Posted by: quiscus | October 12, 2008

October 12, 2008

1. Why the 9/11 Commission was no more trustworthy – and no more accurate – then the Warren Commission that investigated the CIA’s murder of JFK:

“[O]ne of the things that the Warren Commission teaches you about the 9/11 case is that you don’t look to the government for justice. You don’t look to them to solve this, to put people in jail, to put people on trial… there’s a cover-up. That’s what a cover-up means. You don’t ask the fox to guard the henhouse.”

http://www.911blogger.com/node/18136

2. Obvious conflict of interest and coverup by the 9/11 Commission:

“Bermas also addresses the matter of the head of Pakistan’s Inter-Service Intelligence agency Mahmud Ahmed having authorized the transfer of $100,000 to hijacker Mohammed Atta just prior to the attacks. Ahmed was in Washington on September 11th, where he met with his CIA counterpart, George Tenet. He was having breakfast as the planes crashed into the towers with Bob Graham and Porter Goss, who would later chair the Congressional Joint Inquiry into 9/11. This was a vital piece of the puzzle that had been grievously excluded

the numerous military and intelligence exercises that were taking place on the morning of 9/11, including drills which simulated the hijackings of airplanes, and shows evidence of how these exercises served to confuse FAA flight traffic controllers and to delay the NORAD response. Bush is shown saying, “No one in our government … could have imagined flying airplanes into buildings [pause] on such a massive scale.” Bermas does a good job of demonstrating the absurdity of that statement as well, including by showing that one or more of the drills held on 9/11 actually simulated that exact scenario.”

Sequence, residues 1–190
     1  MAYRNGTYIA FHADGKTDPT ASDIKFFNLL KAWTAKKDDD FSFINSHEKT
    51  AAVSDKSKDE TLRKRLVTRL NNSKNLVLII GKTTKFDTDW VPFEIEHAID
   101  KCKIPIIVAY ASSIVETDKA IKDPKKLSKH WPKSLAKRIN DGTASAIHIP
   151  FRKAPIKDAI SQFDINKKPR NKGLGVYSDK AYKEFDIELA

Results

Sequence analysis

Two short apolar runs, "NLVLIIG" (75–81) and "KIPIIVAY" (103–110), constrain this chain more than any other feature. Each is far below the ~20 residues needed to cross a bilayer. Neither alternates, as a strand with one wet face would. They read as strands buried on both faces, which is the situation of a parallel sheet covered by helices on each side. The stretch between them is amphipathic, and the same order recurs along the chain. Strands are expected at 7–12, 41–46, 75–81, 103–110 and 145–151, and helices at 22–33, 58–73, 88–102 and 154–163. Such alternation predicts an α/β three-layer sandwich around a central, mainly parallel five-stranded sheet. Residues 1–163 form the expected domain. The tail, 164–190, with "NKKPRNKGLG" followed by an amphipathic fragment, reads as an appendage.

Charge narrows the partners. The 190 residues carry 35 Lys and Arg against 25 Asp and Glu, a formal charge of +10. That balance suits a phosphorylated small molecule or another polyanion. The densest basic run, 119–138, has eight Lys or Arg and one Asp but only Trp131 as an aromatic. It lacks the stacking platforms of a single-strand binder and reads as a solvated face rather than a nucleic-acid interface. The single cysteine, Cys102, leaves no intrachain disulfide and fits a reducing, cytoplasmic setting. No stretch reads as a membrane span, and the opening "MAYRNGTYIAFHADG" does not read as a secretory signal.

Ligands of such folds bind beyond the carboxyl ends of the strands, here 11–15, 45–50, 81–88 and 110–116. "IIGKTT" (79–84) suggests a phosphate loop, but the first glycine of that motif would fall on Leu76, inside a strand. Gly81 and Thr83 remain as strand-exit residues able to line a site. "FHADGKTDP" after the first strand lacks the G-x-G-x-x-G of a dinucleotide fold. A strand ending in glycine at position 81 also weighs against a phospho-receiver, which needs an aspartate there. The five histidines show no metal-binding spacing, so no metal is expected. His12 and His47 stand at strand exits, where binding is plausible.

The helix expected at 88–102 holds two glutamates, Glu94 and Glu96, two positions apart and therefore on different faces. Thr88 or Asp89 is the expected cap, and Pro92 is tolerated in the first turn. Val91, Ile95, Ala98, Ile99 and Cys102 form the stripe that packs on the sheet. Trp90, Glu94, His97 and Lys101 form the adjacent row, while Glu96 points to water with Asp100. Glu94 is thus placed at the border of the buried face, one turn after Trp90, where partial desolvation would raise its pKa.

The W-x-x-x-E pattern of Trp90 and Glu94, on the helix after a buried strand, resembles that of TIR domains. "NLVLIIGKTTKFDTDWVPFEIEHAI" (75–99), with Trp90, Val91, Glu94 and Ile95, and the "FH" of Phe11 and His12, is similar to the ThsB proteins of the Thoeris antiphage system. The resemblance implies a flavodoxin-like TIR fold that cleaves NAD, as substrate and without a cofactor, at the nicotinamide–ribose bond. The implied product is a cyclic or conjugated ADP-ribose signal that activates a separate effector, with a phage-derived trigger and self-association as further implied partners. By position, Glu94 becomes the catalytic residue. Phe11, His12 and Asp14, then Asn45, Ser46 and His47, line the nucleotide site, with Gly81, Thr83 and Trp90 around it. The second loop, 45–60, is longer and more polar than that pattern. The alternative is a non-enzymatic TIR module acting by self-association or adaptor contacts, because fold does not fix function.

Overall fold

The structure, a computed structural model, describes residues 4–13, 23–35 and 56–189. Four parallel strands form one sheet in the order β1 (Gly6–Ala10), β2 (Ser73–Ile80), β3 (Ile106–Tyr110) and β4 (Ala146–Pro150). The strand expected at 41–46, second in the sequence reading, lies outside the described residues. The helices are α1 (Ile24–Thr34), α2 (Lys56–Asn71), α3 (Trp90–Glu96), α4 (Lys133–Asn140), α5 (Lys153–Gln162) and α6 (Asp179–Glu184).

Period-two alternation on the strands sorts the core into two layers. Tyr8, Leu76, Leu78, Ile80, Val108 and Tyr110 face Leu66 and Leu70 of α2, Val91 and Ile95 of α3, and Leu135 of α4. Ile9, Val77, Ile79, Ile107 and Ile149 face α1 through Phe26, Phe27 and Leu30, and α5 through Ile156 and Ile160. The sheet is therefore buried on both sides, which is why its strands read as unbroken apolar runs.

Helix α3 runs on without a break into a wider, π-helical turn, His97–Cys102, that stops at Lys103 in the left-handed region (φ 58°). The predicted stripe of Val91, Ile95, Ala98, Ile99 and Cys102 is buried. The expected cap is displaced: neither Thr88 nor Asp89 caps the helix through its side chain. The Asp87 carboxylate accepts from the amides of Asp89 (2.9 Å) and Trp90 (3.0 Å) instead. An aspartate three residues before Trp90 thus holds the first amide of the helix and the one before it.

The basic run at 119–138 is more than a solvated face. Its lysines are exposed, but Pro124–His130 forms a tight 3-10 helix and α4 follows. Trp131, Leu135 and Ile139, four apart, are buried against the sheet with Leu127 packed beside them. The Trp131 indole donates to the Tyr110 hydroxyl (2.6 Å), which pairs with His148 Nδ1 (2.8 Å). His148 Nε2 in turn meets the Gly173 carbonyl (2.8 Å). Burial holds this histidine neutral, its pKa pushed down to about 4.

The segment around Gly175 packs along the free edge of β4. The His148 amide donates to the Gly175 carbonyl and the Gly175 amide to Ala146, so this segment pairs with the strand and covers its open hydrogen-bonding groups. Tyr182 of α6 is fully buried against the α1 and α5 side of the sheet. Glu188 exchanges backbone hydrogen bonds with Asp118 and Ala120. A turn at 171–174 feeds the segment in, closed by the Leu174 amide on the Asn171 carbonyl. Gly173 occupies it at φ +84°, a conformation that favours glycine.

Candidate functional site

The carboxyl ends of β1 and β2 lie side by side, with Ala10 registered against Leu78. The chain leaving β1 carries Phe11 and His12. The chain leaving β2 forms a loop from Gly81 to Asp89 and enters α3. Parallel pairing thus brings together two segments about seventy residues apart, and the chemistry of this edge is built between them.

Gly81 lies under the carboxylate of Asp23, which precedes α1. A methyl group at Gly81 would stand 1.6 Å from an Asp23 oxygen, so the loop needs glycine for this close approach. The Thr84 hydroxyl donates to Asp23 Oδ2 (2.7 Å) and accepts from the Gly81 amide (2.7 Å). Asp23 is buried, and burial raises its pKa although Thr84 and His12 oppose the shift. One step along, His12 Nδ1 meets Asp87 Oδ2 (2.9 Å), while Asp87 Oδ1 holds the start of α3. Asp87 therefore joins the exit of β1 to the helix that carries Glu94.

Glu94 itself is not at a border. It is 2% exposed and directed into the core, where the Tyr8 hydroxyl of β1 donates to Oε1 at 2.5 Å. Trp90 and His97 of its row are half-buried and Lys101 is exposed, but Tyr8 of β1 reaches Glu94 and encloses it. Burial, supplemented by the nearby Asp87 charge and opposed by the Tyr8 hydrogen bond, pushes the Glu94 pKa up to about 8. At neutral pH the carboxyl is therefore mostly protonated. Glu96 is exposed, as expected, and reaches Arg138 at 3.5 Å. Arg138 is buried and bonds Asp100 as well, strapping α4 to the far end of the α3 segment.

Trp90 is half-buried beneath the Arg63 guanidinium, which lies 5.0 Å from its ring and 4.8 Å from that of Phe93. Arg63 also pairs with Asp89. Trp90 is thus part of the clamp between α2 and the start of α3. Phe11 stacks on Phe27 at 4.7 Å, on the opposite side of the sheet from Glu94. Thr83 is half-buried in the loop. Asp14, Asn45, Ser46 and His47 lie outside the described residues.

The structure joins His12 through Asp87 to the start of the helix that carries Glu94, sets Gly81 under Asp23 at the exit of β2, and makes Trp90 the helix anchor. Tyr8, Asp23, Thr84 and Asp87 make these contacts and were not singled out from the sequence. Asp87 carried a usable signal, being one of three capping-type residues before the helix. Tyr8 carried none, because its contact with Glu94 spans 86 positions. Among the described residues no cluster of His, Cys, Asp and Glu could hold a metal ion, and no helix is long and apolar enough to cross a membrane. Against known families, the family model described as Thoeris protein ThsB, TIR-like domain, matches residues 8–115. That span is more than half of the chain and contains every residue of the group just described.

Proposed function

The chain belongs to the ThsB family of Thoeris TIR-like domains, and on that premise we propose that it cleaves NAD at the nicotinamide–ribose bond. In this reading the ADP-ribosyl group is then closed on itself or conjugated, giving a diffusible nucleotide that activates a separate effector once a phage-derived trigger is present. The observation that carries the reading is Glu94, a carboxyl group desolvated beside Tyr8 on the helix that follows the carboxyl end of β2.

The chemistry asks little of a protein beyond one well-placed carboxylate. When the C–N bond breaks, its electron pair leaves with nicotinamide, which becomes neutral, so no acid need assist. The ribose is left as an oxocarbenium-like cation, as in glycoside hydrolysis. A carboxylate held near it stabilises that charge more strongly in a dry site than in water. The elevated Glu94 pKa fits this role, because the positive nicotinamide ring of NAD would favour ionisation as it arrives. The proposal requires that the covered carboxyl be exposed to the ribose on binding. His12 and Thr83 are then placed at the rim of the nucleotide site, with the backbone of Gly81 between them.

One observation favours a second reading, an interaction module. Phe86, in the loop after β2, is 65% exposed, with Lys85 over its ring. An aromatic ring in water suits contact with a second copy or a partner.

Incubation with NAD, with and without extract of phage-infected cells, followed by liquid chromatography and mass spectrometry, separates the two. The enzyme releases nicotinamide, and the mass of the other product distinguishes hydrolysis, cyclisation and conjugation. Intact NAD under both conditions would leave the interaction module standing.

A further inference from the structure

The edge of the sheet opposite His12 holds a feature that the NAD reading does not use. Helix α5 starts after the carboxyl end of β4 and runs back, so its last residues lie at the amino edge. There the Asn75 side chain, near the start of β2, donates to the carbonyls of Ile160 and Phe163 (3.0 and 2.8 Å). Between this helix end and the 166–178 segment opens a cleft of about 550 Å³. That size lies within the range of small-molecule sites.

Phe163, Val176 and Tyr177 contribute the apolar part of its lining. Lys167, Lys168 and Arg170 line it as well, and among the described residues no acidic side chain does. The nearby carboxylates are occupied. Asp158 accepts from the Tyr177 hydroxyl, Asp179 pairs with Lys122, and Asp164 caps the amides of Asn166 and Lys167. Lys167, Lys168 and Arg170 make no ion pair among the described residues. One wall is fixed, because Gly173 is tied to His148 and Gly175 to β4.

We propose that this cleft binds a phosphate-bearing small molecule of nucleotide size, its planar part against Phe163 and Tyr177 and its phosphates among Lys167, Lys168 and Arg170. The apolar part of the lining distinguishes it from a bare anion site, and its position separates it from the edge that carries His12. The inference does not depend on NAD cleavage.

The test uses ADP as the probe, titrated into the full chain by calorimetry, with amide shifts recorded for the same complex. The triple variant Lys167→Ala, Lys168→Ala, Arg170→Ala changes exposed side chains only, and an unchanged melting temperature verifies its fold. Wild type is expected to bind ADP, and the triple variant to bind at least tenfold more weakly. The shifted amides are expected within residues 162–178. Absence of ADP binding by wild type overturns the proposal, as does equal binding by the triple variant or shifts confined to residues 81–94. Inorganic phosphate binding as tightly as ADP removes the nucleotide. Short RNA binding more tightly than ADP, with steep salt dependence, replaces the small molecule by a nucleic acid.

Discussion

http://www.dissidentvoice.org/2008/10/a-review-of-jason-bermass-fabled-enemies/

3. Since our puppet in charge of Afghanistam, Hamid Karzai, does nothing without our approval, if he is offering peace to the Taliban, why exactly are we over there killing people?

“Afghan president offers Taliban a role in governing country”